People don’t know what to say.  So they don’t…

Cowden’s Syndrome can be very isolating.

What about our children?  What about our children who are being diagnosed younger and younger?  To some extent, yes, “Knowledge is Power,” but at what cost?

We are forced to make the logical choice for necessary screening appointments, and often surgery, while often having to skip social, cultural, or sporting events.

We are forced to say no to social engagements so often, that people forget to keep asking.

Our youngest children at diagnosis may not fully understand the scope of what is now their’s.  But, they will.  If they have a parent with the same syndrome they will watch.  Everything.  If they are the first in the family they will piece it together.  Really there comes a point there is no keeping it from them.  Then what?

I am blessed with a young lady who reads like a book-worm, and has a solid comprehension of people, personalities, and her environment.  I am left only with the option to tell her the truth.

Sometimes the truth gets stuck in your throat, burns a bit, or leaves some nasty reflux.  Yet, still that bitter pill is the only one we’ve got.

I sometimes wonder how different things could have been, if…

But it is my girl who stops me.  Without this diagnosis she knows I would not be here.  My breast cancer was uncovered by her diagnosis and that diagnosis undoubtedly saved my life.  Without Cowden’s Syndrome she knows she would have become someone different.  Someone else.  And that wouldn’t have been right.

While I don’t believe in a God who wants us to suffer, I believe in one who uses that suffering to allow us to become a better version of ourselves.

My girl started Junior High with a broken foot.  During her 3 years there she endured less than perfect social relationships (read, a few very mean children and my child who didn’t always have the patience to contend with teenage normalcy) and 7 surgeries.  SEVEN. Seven recoveries, and pre and post operative visits too.  She did that while holding an average of well over 95% every single marking period.  She did that while making enormous strides as a competitive swimmer.  She did that while learning that she had a the voice of a singer hiding inside.  She did that while performing in several productions, practicing after school for months each year.  She did that while spearheading 3 successful PTEN Fundraisers, essentially putting Cowden’s Syndrome in the vocabulary of our community.  She’s ending Junior High on crutches.  Unfortunate bookends, or a reminder of the strength and resilience of a young lady who refuses to be defined by her disease.

I am sometimes not even sure if she is aware of her accomplishments, as she is so busy pushing onward to stop and notice.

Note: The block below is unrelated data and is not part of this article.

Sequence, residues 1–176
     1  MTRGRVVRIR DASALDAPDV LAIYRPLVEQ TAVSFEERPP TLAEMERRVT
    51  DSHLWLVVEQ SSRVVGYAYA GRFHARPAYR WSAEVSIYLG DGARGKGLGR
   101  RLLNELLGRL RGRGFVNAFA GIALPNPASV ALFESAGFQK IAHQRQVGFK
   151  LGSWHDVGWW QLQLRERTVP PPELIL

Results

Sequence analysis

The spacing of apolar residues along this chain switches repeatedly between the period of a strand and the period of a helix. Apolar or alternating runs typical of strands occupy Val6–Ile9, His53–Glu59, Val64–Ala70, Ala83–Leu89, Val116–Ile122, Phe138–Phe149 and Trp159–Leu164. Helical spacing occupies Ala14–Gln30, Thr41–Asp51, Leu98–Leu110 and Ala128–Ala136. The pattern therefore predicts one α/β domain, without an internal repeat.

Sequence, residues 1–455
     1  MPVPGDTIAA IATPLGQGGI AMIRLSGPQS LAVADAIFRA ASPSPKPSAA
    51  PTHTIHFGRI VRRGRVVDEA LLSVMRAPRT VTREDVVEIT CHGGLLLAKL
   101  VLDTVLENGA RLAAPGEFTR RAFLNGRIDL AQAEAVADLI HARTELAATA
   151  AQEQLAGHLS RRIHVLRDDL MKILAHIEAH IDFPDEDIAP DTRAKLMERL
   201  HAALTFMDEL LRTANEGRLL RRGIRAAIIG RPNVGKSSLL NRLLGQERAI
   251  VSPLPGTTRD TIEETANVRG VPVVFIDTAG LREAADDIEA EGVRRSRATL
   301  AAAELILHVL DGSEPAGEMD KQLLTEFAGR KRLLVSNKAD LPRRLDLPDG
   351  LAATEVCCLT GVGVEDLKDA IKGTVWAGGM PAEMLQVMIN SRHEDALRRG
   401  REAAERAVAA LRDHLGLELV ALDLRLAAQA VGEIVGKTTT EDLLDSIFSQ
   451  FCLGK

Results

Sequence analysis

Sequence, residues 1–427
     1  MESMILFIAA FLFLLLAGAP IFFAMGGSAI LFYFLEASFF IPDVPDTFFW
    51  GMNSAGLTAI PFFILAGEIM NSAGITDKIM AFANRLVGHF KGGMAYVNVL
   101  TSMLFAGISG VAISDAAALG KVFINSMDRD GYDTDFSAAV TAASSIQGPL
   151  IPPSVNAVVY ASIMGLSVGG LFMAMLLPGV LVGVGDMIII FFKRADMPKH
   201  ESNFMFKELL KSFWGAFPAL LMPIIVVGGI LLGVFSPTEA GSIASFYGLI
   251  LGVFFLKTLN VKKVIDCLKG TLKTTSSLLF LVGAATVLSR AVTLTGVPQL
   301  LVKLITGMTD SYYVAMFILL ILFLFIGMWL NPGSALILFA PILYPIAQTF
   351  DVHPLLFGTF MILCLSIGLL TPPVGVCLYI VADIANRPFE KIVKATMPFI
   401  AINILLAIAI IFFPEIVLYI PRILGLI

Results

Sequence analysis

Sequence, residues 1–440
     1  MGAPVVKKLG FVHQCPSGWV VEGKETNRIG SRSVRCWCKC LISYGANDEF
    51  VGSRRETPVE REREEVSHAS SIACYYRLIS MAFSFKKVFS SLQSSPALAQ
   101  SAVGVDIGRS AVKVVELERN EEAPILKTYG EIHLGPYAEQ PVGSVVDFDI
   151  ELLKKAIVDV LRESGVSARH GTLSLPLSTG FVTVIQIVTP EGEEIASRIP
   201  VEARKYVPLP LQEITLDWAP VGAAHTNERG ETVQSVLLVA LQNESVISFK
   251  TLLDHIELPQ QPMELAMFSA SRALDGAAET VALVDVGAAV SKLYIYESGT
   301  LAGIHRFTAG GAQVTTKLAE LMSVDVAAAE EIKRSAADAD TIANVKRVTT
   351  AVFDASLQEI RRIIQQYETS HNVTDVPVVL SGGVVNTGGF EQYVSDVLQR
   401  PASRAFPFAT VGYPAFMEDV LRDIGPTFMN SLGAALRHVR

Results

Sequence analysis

Who sets the example here?

I guess I need to stop hiding from my computer.  Perspective never really leaves.  Sometimes it just needs to be worked through.

This diagnosis stinks.  This syndrome is a real bear to contend with.  It is lonely and isolating and leaves little time to even see family, let alone friends. However, as the saying goes –

And that is probably the real perspective.

And almost as if perfectly timed, I found my title for this blog – as the Pandora radio plays..

“They are inside your head
You got a voice that says
You won’t get past this one
You won’t win your freedom

It’s like a constant war
And you want to settle that score
But you’re bruised and beaten
And you feel defeated

This goes out to the heaviest heart

Oh, to everyone who’s hit their limit
It’s not over yet
It’s not over yet
And even when you think you’re finished
It’s not over yet
It’s not over yet
Keep on fighting
Out of the dark
Into the light
It’s not over
Hope is rising
Never give in
Never give up
It’s not over…”

(It’s Not Over Yet – For King and Country)

#beatingcowdens

It’s Complicated…

I was in the stairwell close to the 5th floor of the nursing home where my grandmother resides when the phone rang.  I paused, startled by the ring, and trying to suppress my slightly out of shape panting before I acknowledged the call clearly coming from the medical office we had visited earlier that day.

It was Tuesday the 11th.  “Spring Break” had begun Saturday the 8th.  Early that Saturday morning I had left on a road trip alone to the Marine Corps Base in Quantico where I had the privilege of watching a Marine who served with my Dad receive the Bronze Star with Valor – almost 50 years after the day it was earned.  It was a whirlwind trip – 5 hours down that morning, and a busy, fun, emotional day that lasted well past midnight.  I returned to Staten Island by 12:30 PM Sunday, in time to catch Meghan’s 1 PM Swim meet.  Felix took “off” the workweek and spent Monday and Tuesday overseeing the installation of air conditioning in our house.  It was 24 hours well spent – 12 each day- but the inevitable trail of dust and dirt needed to be tended to as well.  So, I had headed to this appointment alone with Meghan earlier in the day.  Now I was trying to visit with Grandma, although she’s often unsure I was ever there… I still know.

I took a deep breath before I answered.

A lovely young woman, whose cheery voice caused me to immediately forget her name asked, “Is this Meghan’s mother?”  That is my favorite title- depending on whose asking.  I tried my best to muster and equally cheery, “Yes, it is.”

“Oh, good.  I was asked to set up Meghan’s surgical date.”